Stryker: Under Austin, NU o-line will improve enough to catch ’em by surprise

Categories: 2018 Football
Greg Austin
Greg Austin

Nothing looked less like Nebraska than the Cornhusker offensive line last fall. So it stands to reason that o-line coach Greg Austin had the most of any Husker assistant coach to accomplish when he moved to Lincoln last winter.

Since media scrutiny has been limited, it’s hard to say with certainty just how far any position group has advanced, but the consensus is that Scott Frost and his staff are making faster progress than expected. The most encouraging development of fall camp has been the raised hopes — even the likelihood — that NU could have an effective running game in Year 1 of the Frost era. Not just adequate, but dangerous. The emergence of first-year Huskers Greg Bell and Maurice Washington and the revelation that Tre Bryant’s knee is fully recovered have inflated everyone’s expectations. Those expectations are valid — that is, if they get enough help up front.

When the phrase, “home run hitters” is being tossed around this early in fall camp, the discerning Nebraska fan who remembers enduring a 4-8 season recently must pause and consider whether this year’s o-line is even capable of punching out something besides an occasional scratch single. That was rarely the case in 2017. That unit was out of shape, usually looked confused, frequently lacked motivation and became worse as the year went on.

There’s no question that many other position groups struggled with similar symptoms. There was plenty of dysfunction to go around. The Huskers were soft against the run, generated no pass rush and were the Big Ten’s worst in turnover margin. But given that one-third of the Huskers in the National College Football Hall of Fame are offensive linemen, that position group richly deserves the spotlight.

With the exception of head coach, where NU got Frost in exchange for Mike Riley, I offer that Nebraska received its biggest upgrade at offensive line coach, where Austin — listed on ESPN’s “Top 40 Coaches Under 40” replaces Mike Cavanaugh, who (not coincidentally) also got worse each year he stayed in Lincoln.

So the main question is this: was Nebraska’s coaching in 2017 so bad that it’s a lead-pipe lock the same offensive linemen (only left tackle Nick Gates is gone) will look much better under different leadership in 2018?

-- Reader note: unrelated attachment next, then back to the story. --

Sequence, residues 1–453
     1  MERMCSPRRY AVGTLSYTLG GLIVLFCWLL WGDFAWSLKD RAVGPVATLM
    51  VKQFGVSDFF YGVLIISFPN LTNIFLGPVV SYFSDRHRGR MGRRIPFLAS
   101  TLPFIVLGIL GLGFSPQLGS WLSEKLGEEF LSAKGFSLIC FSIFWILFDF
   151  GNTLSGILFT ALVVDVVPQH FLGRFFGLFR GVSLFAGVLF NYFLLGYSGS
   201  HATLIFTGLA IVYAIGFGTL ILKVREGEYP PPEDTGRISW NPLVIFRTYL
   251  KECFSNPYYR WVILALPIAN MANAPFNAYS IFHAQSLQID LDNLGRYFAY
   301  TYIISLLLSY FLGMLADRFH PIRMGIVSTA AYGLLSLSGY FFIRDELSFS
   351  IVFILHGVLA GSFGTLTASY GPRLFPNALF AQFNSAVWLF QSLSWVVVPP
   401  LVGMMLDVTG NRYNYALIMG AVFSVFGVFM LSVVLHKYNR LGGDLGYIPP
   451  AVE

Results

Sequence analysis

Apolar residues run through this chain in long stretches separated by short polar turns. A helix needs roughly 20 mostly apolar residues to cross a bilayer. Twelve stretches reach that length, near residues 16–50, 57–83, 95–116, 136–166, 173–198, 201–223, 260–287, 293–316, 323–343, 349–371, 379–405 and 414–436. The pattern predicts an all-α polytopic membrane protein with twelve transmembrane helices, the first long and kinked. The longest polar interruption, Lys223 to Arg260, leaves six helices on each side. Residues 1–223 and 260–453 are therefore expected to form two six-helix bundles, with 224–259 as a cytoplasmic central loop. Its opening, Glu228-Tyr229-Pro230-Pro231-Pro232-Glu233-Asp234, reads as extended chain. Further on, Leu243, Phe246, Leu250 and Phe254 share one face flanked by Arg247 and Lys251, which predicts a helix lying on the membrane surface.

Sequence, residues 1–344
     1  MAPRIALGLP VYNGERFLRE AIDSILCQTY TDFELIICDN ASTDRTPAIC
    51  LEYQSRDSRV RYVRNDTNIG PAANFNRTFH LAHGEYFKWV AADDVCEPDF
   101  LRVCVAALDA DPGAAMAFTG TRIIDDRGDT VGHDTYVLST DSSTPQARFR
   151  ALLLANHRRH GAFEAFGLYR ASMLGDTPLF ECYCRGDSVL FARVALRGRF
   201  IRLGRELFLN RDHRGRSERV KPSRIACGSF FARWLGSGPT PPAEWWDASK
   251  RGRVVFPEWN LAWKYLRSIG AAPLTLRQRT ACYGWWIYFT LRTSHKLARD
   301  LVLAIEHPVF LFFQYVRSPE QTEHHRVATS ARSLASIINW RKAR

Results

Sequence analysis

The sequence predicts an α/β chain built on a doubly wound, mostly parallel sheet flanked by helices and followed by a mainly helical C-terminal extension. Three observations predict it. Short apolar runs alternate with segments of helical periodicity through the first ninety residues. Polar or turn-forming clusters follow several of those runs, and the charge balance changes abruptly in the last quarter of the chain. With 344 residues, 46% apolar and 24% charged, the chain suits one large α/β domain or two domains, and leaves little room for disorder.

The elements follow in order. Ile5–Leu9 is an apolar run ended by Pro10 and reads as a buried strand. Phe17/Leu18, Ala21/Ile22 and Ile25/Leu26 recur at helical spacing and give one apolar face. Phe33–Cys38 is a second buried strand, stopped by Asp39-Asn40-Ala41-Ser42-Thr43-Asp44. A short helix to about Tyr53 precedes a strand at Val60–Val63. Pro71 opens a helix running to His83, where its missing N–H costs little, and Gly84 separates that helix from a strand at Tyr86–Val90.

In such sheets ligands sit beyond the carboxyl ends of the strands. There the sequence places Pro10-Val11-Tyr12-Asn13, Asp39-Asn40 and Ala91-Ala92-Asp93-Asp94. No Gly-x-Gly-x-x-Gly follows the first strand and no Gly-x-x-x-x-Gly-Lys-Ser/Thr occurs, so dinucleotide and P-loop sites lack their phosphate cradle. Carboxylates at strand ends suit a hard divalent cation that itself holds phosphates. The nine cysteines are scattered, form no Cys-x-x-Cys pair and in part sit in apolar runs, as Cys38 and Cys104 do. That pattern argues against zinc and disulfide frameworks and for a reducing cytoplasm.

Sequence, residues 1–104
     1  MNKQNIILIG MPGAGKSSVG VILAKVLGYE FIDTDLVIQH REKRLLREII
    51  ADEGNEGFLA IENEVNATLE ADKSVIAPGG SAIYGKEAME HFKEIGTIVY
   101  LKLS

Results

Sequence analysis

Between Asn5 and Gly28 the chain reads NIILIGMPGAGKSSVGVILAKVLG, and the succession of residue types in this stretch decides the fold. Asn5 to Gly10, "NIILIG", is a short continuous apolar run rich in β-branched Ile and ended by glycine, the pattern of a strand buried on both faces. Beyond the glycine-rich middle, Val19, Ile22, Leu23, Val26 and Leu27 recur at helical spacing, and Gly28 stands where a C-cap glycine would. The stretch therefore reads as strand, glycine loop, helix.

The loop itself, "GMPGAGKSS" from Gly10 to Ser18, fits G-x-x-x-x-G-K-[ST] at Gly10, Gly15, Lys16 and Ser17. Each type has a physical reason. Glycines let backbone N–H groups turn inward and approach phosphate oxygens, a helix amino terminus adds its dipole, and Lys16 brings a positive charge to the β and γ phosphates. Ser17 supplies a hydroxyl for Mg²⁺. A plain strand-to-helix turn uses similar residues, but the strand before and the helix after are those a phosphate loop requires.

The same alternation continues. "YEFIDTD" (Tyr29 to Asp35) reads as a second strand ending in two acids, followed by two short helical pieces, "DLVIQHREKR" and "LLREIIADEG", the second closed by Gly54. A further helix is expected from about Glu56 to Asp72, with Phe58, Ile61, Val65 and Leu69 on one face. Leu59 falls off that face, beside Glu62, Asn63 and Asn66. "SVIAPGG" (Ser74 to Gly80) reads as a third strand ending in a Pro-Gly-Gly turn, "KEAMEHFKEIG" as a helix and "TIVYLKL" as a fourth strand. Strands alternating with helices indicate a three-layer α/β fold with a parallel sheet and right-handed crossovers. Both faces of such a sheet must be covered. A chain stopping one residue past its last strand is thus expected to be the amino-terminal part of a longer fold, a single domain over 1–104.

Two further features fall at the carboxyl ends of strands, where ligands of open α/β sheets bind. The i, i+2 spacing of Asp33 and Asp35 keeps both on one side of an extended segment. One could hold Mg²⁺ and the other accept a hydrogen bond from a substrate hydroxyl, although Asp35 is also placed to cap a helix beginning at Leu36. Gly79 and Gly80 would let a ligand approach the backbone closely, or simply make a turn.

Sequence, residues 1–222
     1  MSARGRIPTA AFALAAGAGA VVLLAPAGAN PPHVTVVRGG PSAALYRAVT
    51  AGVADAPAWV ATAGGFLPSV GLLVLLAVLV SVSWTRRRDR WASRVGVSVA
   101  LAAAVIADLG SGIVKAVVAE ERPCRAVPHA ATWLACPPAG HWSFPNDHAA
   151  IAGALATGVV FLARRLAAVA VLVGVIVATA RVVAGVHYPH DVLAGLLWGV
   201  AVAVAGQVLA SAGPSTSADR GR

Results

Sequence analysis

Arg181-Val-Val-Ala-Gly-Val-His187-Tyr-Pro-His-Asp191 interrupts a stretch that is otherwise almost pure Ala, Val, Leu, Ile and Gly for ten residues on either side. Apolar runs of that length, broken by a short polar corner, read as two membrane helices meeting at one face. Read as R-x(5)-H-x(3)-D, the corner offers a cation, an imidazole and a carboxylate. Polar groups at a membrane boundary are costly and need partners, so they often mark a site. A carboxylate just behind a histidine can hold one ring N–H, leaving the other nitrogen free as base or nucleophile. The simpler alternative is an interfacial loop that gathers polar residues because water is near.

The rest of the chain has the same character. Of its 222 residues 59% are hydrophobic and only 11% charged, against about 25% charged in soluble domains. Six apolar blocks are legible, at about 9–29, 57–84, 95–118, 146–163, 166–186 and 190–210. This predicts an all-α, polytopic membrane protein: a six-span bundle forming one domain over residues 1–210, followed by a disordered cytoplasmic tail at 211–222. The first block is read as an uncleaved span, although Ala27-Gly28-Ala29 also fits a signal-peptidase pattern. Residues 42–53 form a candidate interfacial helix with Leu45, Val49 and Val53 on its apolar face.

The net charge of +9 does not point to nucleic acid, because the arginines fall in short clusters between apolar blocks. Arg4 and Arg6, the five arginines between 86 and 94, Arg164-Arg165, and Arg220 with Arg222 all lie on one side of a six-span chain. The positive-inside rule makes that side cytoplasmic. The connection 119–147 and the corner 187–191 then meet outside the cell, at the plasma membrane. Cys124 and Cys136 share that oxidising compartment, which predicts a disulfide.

In a word, yes.

That’s no secret to most Husker fans, but the majority of the national college football world has not yet figured it out. Nebraska has above average talent in the o-line. It had that talent the past two seasons, but Cavanaugh did nothing with it.

Over the last 20 years, the image of the Nebraska offensive lineman degenerated from oilfield roughneck to Stay Puft Marshmallow Man. It’s going to be hard for Austin to take the same players all the way back in just one season. But with the help of strength and conditioning coach Zach Duval, he can make them at least as fit as a rank-and-file Boilermaker, and go for much more in 2019.

Austin will at least show the world in 2018 that the Big Red hasn’t forgotten how to run option football. The possibility for a quick turnaround is there for the taking.

Throughout Riley’s three years in Lincoln, I repeatedly wrote that he would succeed as head coach to the extent he succeeded at returning Nebraska to “Offensive Lineman U.” That, of course, was because the success of Riley’s pro-style scheme depends heavily on talented, athletic offensive linemen who can pass block and run block at a high level. I’m not making that same prediction for Frost, because his fast-paced, run-pass-option attacks from all angles, and appears to demand less of its offensive linemen. However, to reach championship level performance, Husker linemen will at least need to be powerful and mobile.

First things first. Forget about putting green “no-contact” jerseys on quarterbacks, where the Huskers have good depth. Instead, put one on left tackle Brendan Jaimes.

Just kidding. I think.

In September, we’ll get our first indication whether Husker o-linemen are still susceptible to the foot, ankle and knee injuries which plagued them the last few years. If Duval is successful, that will slow considerably, but if someone goes down at tackle, Nebraska could be in trouble. Who will step up behind sophomores Jaimes and Matt Farniok? That will be big news in the last half of fall camp. It looks like junior Christian Gaylord and sophomore Matt Sichterman have the best shot. NU needs at least one to be ready.

Austin has started chipping away at what could be a three- to five-year project before he has NU’s offensive line back where it needs to be, but in Year 1, he has to be at least good enough to catch opponents by surprise and make them pay for taking Nebraska lightly.

A longtime Husker fan, sportswriter and history buff, Tad Stryker started writing for this website in 2008. You can email him at [email protected]